He was proud of his beautiful son, Tony. I said he was Eric's "mini-me." I think as we watch Tony grow, that prediction will come true. You could see how much the two of them loved each other.

Eric was a true friend. He never said much to me when I lost Lauren, probably because it was too painful for him. He loved his children and was a wonderful father. I think he imagined what I might be feeling as a parent. He would just give me a hug, or text me and say hi.

I have seen him over the years from time to time in WalMart, at church, at high school foottball games and around town. My husband and I ran into him about two weeks ago in WalMart. He greeted me as he always did, with a hug and a kiss on the cheek. We had a great talk, as we always did.

I am praying for Angie, Christie and Tony today, and will continue to pray for them and for all of their family. I am also praying for the young man who was in the other vehicle, too. This tragedy has touched many people in our small town. The people here will embrace these families and comfort them the way they did for us when we lost our daughter. That's what the people here do.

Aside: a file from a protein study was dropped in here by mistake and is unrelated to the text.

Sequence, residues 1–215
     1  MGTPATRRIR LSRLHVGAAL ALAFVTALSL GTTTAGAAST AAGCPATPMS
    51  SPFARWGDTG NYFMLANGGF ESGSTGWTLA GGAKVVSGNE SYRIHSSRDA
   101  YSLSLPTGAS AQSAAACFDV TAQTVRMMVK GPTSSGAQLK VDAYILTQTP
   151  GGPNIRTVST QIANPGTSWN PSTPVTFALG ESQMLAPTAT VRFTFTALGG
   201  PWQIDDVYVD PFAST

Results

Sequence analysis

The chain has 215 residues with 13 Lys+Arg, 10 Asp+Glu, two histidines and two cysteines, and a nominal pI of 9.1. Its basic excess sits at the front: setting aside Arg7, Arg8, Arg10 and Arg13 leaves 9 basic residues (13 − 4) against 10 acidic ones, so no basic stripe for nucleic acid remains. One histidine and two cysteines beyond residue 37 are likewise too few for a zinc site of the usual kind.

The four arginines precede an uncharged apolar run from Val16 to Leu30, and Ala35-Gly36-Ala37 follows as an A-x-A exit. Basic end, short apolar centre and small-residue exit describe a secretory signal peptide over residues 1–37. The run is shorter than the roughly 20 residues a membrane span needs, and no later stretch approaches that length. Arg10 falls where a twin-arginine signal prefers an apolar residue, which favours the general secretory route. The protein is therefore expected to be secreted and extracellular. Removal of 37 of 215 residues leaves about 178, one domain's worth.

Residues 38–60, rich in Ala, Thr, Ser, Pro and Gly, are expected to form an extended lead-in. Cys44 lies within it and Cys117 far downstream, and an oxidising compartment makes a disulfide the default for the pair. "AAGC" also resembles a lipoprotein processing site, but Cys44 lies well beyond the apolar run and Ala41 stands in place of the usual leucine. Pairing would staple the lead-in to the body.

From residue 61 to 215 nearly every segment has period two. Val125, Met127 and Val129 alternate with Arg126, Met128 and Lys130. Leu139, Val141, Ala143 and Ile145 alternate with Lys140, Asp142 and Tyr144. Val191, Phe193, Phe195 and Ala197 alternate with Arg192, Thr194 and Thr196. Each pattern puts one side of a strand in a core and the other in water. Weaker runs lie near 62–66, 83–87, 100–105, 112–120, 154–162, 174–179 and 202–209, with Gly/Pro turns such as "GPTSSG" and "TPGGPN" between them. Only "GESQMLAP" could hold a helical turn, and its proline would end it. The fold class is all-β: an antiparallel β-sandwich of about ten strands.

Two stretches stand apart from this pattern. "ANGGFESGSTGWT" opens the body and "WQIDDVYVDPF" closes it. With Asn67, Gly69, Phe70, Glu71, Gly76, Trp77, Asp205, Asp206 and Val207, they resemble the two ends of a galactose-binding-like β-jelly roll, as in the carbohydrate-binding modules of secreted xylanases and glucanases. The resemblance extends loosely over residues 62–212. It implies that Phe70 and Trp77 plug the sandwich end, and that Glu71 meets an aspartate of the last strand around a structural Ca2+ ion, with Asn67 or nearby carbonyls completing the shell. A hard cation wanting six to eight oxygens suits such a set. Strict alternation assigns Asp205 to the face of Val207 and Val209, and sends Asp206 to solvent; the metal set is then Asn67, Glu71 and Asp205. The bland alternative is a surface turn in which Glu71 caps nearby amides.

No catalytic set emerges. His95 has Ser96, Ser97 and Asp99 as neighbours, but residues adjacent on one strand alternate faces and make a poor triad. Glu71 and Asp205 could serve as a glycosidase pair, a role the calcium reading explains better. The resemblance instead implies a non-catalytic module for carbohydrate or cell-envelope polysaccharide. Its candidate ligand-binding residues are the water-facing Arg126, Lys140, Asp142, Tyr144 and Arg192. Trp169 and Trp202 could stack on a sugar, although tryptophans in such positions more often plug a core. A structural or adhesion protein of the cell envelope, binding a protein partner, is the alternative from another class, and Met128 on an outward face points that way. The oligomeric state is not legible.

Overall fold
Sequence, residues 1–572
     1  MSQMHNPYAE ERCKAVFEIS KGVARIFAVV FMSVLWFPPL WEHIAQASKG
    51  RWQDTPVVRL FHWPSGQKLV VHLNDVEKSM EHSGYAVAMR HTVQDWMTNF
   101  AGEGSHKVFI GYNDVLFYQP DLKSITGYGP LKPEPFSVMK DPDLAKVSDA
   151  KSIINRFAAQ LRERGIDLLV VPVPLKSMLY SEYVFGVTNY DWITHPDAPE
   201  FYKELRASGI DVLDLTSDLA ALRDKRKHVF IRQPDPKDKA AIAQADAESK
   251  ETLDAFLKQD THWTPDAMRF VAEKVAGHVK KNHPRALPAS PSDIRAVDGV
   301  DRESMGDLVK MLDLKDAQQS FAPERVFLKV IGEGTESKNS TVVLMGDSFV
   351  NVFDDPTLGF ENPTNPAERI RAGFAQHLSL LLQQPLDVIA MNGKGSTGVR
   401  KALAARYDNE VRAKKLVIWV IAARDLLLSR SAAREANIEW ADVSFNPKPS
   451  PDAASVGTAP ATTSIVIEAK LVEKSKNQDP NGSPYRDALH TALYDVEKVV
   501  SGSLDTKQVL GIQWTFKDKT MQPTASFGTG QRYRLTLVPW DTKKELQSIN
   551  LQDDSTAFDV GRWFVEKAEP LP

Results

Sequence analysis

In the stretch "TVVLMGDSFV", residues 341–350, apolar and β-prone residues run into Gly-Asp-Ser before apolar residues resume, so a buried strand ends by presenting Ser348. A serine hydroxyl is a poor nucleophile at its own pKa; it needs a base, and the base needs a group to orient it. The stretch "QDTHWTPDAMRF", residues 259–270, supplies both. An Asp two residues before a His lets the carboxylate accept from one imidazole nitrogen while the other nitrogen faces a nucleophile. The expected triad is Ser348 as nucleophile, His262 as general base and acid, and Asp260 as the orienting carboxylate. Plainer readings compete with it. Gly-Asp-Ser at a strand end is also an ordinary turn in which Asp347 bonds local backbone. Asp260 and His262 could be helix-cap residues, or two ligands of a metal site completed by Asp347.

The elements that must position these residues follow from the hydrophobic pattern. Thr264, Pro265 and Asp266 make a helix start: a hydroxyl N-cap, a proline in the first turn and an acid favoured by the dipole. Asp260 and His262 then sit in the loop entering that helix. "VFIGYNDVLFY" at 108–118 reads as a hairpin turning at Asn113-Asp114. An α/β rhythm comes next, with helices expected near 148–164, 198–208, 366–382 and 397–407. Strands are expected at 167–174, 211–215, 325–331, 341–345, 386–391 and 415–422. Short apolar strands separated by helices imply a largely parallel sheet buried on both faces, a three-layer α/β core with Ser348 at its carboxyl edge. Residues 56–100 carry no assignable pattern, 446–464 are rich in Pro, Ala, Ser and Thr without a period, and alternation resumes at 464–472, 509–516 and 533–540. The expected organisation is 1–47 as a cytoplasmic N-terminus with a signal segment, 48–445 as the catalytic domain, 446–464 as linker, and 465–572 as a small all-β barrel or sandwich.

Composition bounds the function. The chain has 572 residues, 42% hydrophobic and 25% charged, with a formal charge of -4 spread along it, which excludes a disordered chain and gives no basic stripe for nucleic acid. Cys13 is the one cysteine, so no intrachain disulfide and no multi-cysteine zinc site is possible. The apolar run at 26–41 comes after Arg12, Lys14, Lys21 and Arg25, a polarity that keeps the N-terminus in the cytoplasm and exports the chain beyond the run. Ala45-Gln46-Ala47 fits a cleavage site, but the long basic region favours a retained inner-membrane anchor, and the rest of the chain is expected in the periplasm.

I'll miss you, Eric. I pray Lauren was there to greet you and thank you for being a good friend to her mom. You were a special person. You showed through your life what a man should be - strong, courageous, loving and caring toward others. You were a role model for how a husband should love his wife and how a father should love his children.

I'll always remember you.

"Eternal rest grant unto him, O Lord, and let perpetual light shine upon him. May the souls of the faithful departed, through the mercy of God, rest in peace. Amen."

Monday, July 15, 2013

Instant Replay!